Wednesday, December 14, 2011

Medical PTSD

It was my brother, an OIF Veteran, who recognized my behavior pattern as PTSD. "Pam..." he said to me very gently, "you react to things just like I do." It was if the clouds parted and suddenly everything became clear. I had PTSD from my medical experiences. I've gone into details with my counselors and one close friend who also understands PTSD first-hand, and that has helped a lot. Each of us has it from a different source, but if you change the words around, the situations are the same. The feelings are the same. The panic about doing things that could potentially help you... Being so overwhelmed by something so simple that you freeze and shut down. Wanting to run and not knowing where to run to so just vibrating in place. Yeah... it's real. It's crippling. It's a disease. Right now, I need to face having an MRI, and I'm terrified.

I'm not claustrophobic. Nothing that straightforward. It's not the medical procedure itself. I'm actually worried that the results will be negative. They're always negative. But that's not unusual for my disease. From what I've read this disease only presents on a scan about 50% of the time. I'm worried that this is going to be used against me for the purposes of denying me care. "You're just crazy. You need to come off your medication and you'll be fine." That's what the last doctors said. That was based off of test results that every other doctor has looked at and said, "No, that's an abnormal response." But they're not the doctors taking care of me for this...

I was told so long for a child that I wasn't sick. That I just needed to try harder. Then I get really sick and find out, "You should be in a coma. I don't know how you're up and walking around!" Well, this isn't far off from normal for me, doc. This isn't that bad. What do you mean I'm a death's door?

It was tested by three different labs. One was a cardiologist. One was the Navy. One was an endocrinologist. This was over a 6 month period. I was later retested in Everett and Seattle. I was retested in St. Louis. I was retested here. All of that should have meant something. But it didn't and she wan't listening to me when I told her I was getting sicker without the medication.

Now it's an MRI and I'm betting that it's going to come back clean, and these new endocrinologists are going to start singing the other doctor's tune: you're fine. You're just delusional. None of those symptoms ever happened. All of those previous doctors didn't know what they were doing. Stop bothering us, kid. You're not that sick...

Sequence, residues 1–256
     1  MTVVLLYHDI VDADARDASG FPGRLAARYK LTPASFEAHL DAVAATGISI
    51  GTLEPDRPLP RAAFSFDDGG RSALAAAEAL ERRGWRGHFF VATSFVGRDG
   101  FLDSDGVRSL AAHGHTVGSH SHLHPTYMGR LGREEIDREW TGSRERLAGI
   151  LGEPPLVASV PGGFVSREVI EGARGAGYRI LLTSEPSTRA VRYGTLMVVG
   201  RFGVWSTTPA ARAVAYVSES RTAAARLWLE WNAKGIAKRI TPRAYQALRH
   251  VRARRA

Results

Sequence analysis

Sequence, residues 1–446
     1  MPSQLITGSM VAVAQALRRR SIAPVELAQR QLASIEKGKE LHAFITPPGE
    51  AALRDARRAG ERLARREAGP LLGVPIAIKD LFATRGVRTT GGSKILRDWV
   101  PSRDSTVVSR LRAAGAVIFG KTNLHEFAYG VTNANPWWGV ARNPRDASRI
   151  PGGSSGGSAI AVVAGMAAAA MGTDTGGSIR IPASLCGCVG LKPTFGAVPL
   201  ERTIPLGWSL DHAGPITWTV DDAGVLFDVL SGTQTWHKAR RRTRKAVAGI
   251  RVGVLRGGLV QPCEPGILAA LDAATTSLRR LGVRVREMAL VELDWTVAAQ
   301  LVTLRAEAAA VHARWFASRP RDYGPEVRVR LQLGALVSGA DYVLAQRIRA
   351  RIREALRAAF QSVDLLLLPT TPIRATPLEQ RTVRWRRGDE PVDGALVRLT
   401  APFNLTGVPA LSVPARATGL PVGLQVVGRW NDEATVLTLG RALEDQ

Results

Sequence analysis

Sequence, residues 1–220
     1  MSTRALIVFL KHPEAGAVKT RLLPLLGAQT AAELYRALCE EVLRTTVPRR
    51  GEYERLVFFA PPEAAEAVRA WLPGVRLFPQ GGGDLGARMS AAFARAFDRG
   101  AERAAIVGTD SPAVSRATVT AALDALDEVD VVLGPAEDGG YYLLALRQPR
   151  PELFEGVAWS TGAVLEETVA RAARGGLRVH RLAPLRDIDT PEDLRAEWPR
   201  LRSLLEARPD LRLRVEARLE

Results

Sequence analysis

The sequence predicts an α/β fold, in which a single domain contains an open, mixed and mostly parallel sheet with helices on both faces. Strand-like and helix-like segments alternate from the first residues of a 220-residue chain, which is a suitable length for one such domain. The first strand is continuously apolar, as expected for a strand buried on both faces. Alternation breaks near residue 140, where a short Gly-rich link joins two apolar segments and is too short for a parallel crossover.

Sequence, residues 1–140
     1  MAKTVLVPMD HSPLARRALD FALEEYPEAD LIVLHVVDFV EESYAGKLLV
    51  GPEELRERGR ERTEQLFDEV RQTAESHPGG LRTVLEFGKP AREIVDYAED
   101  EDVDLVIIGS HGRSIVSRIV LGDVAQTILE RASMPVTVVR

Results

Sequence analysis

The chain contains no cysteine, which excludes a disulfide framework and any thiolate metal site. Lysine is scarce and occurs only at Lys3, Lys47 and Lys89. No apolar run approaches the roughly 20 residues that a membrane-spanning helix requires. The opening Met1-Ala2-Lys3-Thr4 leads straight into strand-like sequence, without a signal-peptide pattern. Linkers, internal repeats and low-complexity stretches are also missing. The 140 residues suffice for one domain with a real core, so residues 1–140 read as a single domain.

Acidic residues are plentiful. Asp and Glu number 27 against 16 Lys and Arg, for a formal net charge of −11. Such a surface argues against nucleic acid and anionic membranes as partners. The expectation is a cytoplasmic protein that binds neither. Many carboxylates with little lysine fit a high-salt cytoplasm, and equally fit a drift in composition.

Really? I landed in the ER with a blood pressure of 80/40 from vomiting and that was just what... Magic? That's not an adrenal crash? I just don't know how to vomit properly? Please enlighten me so that I may do these things the right way and not waste your time.

But I can't say any of that, now, can I? The easiest thing a doctor can say is, "No." That's the shortest complete sentence in the English language, by the way. No. No, we don't think you have this disease. No, we're not going to give you access to treatment. No, we don't have access to the antibody test that would show your disease. No, we have nothing left for you. Whatever it is you have going on? Not our problem. Go away.

And then what do I do? Do I go back to my old doctors who diagnosed me? They're in Seattle and I'm in Denver. How do I accomplish this? Can I even muster the strength to try to see this through? Do I give up on this side of it for a while and instead concentrate on the small fiber neuropathy?

Oh, and that 50% chance it may actually show on my MRI? That feels more like 0.000005% of a chance. I though the abnormal blood tests would be enough, but apparently not. So now I don't know what it will take, and that's terrifying. I thought I had a leg to stand on, but the ground gave way beneath my feet.

Well, here goes. Off to the appointment and we'll see what happens on the other side.


  1. No wonder you have PTSD. Who the heck wouldn't with that flip flopping of doctors. Geeeezzzz, they all need their heads examined. Just please keep your head screwed on tight and right until you get through this. Don't you dare let them make you doubt yourself. You know your own body and you damn well (sorry for the curse but it is needed here) know your own body better then they do. Stay strong. And to hell with the MRI if it doesn't show whatever it is suppose to show. Sometimes we need to fight for what we know is right. And if this new doc won't work with you, call the old doctor who was working with you and ask if they know of a doctor near where you currently live that they can recommend for you to see. And could they give you a referral letter with the diagnoses written in this referral letter?

  2. Oh, hell... that's not even the issue I have PTSD about!!! I'll blog about that someday. I've gotten to the point where I can tell a few people without crying now, but it was bad. My following collapse wasn't to pretty either.

    I'm waiting to hear from the doctor to know what the heck they mean and if I heard it right, but so far... it doesn't look good for our doctor-patient relationship.